On September 11, millions of Chileans commemorate 40 years since the coup d’état in which the Palace of La Moneda in Santiago was attacked by warplanes and President Salvador Allende died fighting the conspirators. This event marked years of state terrorism and bloodshed in our country and the fortieth anniversary of the assault has been a political and emotional recollection for our friends and comrades from around the world.
Image by The PIX-JOCKEY (photo manipulation) via Flickr
The funeral for former British Prime Minister Margaret Thatcher takes place today in London with full military honors. Not since Sir Winston Churchill, the famous Second World War leader, has the British state bestowed such an honor on a deceased prime minister.
British monarch Queen Elizabeth II will attend the funeral service at St Paul’s Cathedral for Thatcher, who died last week at the age of 87. The last time the head of the British state attended such an occasion was nearly 60 years ago, in 1965, for the funeral of Churchill. On that occasion, the British public was largely supportive of the farewell ceremony, as Winston Churchill was seen as the redoubtable leader of a national unity government during a period of great crisis.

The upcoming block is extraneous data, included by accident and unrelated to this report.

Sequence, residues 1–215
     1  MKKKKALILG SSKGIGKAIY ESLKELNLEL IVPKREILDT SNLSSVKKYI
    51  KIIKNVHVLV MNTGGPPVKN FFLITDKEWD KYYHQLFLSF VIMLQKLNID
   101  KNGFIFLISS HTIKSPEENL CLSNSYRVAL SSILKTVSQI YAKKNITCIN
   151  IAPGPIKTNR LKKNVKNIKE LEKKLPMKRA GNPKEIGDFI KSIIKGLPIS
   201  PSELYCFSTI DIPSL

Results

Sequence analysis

On April 8, 2013, the western world lost a grand dame, an iconic figure, a woman admired by millions while dismissed by others as just another lady in a bouffant hairdo. She came from a modest social background yet she made her way to the top, a woman who could perform winningly in what is arguably the most competitive arena of life. I am, of course, speaking of Annette Funicello, singer and Hollywood actress.